Tuesday, 8 June 2010

Our first couple of days in Gwangju

We arrived in Korea on a Friday afternoon and went to bed fairly early that night as we were sooo tired after the journey. By Friday evening I kept feeling like I was about to fall over even though I was just standing still in our apartment - definitely time to get some rest! We both felt much better on Saturday morning and surprisingly didn't seem to have suffered much jetlag which was
cool. We spent the weekend getting to grips with our apartment, exploring Gwangju our new home town, and we even took a trip out to Bundang on Sunday which is a wealthy district close to Seoul and about 30 mins away from Gwangju by public transport (on a good day).

Firstly, our apartment - we love it! It's bigger than our place in London was and it's on the 15th Floor (though actually it's the 14th Floor by UK standards but the Koreans count the ground floor as the 1st floor). We have great views from the windows out over Gwangju city and to the hills beyond.

View from our front window out over the stadium

Apparently we wouldn't get this if we lived in a bigger city as there would be too many other high rise buildings in the way so that's one good reason to live in the rural backwater that Gwangju apparently is (it's not rural by UK standards with a population of about 230,000 but my colleagues at school say it is by Korean standards). Our apartment has a Western bathroom with real bath which is apparently unusual and a study room and a totally pointless spare bedroom - it's pointless because it doesn't have any furniture in so we just use it as a suitcase storeroom!

Rowan hunts for an internet connection in our apartment on our first day, hence the open, as yet unpacked suitcase in the foreground.

We also have a big enclosed balcony which is really cool but which Rowan is slightly scared of due to the 14 floor drop!

Don't look down!

Our friend Dean came over on Saturday afternoon and we explored Gwangju together. He has been living and teaching in Korea for more than 2 years so he was a great guide. The fact that he can speak and read Korean really helped too! Gwangju is a fairly small city, in fact it feels more like a big town.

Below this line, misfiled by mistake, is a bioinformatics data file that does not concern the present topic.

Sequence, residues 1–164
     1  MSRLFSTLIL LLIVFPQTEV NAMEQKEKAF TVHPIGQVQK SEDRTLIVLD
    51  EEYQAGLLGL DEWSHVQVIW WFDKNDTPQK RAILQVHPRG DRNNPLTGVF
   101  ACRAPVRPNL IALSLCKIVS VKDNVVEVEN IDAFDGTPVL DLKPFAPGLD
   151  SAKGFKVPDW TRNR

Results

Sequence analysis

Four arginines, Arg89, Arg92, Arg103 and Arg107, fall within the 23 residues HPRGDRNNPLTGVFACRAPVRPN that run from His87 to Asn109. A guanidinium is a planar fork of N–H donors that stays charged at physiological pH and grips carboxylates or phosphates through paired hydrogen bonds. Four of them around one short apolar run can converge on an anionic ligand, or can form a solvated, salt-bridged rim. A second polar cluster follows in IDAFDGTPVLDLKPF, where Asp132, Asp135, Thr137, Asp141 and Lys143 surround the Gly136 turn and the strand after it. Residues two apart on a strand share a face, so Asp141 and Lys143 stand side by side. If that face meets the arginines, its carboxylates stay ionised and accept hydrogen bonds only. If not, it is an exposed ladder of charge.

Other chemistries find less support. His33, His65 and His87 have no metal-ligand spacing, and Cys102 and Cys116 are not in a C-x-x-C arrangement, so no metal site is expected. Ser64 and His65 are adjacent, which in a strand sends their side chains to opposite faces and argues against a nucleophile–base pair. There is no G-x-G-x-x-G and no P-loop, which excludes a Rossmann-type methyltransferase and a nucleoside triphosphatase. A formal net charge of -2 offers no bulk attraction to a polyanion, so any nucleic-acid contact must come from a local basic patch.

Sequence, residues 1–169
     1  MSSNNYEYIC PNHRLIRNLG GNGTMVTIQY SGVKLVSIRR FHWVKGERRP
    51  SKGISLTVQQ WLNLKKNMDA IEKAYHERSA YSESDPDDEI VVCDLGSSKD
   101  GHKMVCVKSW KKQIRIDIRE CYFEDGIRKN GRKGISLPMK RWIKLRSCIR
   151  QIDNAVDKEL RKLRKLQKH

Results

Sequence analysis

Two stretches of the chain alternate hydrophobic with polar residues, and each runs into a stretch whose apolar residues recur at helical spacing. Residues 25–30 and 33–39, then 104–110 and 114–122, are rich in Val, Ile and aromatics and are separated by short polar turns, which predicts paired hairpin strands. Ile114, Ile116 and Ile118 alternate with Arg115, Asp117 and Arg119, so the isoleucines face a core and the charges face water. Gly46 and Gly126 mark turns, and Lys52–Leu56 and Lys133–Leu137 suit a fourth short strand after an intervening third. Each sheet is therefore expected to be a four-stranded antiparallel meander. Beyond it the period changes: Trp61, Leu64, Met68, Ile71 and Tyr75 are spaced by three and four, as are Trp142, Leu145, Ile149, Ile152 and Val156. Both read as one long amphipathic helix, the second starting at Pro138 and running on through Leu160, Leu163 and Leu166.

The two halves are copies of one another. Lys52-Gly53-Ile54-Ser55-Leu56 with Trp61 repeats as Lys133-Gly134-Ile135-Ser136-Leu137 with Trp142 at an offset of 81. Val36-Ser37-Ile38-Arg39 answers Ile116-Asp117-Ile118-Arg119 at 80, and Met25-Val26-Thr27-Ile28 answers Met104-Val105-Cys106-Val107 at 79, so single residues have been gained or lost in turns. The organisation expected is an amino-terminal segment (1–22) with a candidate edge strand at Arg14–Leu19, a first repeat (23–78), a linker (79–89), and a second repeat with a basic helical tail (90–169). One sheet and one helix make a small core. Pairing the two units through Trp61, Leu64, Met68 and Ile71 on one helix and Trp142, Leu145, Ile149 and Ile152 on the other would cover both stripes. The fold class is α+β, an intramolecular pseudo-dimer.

Rowan and Dean walking to the Mega Mart - our local shop which we seem to visit with alarming frequency

One of Gwangju's many churches. At night the crosses are lit up with red neon. We can see at least 15 from our window.

See the picture of a man and a lady playing chess - apparently that is a sign for a place where a gentleman might go to get a little female company...

Giant public juicer for use by Gwangju's citizens! No actually it's a war memorial for the defeat of the Japanese.

Korean citizens celebrating the defeat of the Imperialist Armies.

The main reason Rowan came to Korea - to eat Tornado Potato. A whole potato cut into a spiral, deep fried and dipped in cheese powder.

Gwangju's recently opened E-Mart. Bringing civilisation and cheap trainers to the masses.

One of Gwangju's many genuine foreign restaurants run by real foreigners and everything. This one is Indian obviously. Gwangju is unusually cosmopolitan by Korean standards as it has a lot of migrant workers from SE Asia living there.

The mighty World Mart, home of all sorts of exciting foreign produce and the place to go to get your pay-as-you-go phone sorted out.

Chillies growing by the side of the road, every spare bit of ground here is farmed for something, tiny patches of chillies and lettuce are dotted round everywhere.

On Saturday night, Dean took us out for dinner. We had sam-gyop-sal (a barbequed bacon-type pork), which is a traditional Korean meal where you get to sit around a table with a barbeque on it and cook your own meat and vegetables - DIY eating out Korean stylee! The bacon was really tasty and the kimchi was much nicer cooked than raw (more on Korea's favourite dish later).

On Sunday, we went to wealthy shopping Mecca Bundang. It was a world away from our little Gwangju what with its expensive shopping malls, high rise buildings and big, planned parks.

Shops on the road between Bundang station and the park, one of the few pedestrian areas we've seen although its still open to scooters and motorbikes.

Korean balls in the park, if you look closely to the left of the bronze cow you will see a small bronze poo!

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